Medicinal cannabis products, especially products high in CBD, may help to treat symptoms of depression, improve sleep, and increase quality of life. There is also some evidence that medicinal cannabis may alleviate symptoms of anxiety, particularly if administered over an extended period of time.
Marijuana Legalization & Suicide
According to the NBER report mentioned earlier, there’s some good news regarding the relationship between medical marijuana legalization and suicide rates. The short version is that:
- Legalization does not appear to increase suicide rates, and
- There are some indications that legal access to therapeutic cannabis may play a role in reducing suicide numbers.
These conclusions are based on three individual studies that the NEBR authors felt had the highest degree of credibility.
A report released in 2014 compared state-by-state suicide rates from 1990-2007 to the adoption of medical marijuana laws. The data, which was obtained from the CDC’s National Vital Statistics System, showed that the adoption of MMLs was associated with an overall 5 to 6% reduction in male suicide rates. These reductions were even greater for younger and early middle-aged men. Specifically, the authors found that MML adoption is associated with an:
- 11% reduction in suicides among men ages 20 to 29
- 9% reduction in suicides among men ages 30 to 39
One potential explanation given for this phenomenon was that men in these groups may be using marijuana to cope with stressful life events.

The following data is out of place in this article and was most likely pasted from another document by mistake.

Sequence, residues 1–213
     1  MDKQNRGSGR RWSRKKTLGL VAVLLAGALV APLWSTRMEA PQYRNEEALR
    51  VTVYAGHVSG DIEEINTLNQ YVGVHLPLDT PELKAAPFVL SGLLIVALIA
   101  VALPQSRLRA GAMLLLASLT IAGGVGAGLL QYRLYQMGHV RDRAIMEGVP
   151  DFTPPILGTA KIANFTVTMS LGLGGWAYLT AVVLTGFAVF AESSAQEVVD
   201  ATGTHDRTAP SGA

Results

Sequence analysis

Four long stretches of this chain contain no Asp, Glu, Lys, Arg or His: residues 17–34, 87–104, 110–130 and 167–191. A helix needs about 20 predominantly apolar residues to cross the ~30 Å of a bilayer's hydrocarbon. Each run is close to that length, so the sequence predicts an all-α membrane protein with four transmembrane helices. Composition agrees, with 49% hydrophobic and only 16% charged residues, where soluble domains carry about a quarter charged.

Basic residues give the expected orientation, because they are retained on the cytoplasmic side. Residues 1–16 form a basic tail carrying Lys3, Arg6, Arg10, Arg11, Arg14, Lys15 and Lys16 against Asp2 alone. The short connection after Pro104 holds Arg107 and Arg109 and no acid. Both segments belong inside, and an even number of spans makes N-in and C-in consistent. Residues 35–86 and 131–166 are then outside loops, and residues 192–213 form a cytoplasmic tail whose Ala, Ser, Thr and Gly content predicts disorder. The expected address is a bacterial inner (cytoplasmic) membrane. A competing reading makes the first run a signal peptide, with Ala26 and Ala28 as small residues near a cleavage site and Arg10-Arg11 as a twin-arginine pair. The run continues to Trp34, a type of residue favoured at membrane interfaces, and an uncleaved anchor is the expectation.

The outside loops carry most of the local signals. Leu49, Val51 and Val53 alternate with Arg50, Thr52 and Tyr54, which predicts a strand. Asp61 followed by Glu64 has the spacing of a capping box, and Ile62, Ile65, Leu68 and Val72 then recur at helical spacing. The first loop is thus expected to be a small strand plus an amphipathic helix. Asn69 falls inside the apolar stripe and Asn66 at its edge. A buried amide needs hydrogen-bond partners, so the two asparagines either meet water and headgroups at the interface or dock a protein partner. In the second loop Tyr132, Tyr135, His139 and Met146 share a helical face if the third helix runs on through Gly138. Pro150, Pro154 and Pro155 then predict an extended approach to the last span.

The following year, another research team started with the same CDC information, then applied some additional filters to account for things like state-by-state spending on mental health care and specific social and economic factors that might skew the data. Their adjusted data showed a similar 4 to 6% reduction in suicide rates following marijuana legalization.
In 2020, the Archives of Suicide Research reported that suicides in California fell by around 400 deaths a year after medical marijuana legalization. They noted that this reduction was related to a drop in gun-related suicides. The vast majority of suicides in the U.S. involve firearms and California state law disqualifies individuals holding a medical marijuana card from legally purchasing a firearm.
Marijuana Legalization & General Well-Being
If medical marijuana legalization really does have a positive effect on overall mental health, the numbers should support this phenomenon. One source that does so is a 2018 discussion paper from the Centre for Economic Performance. This report used records from the CDC’s Behavioral Risk Factor Surveillance System that included more than 6 million cases over a 22-year period. The report concluded: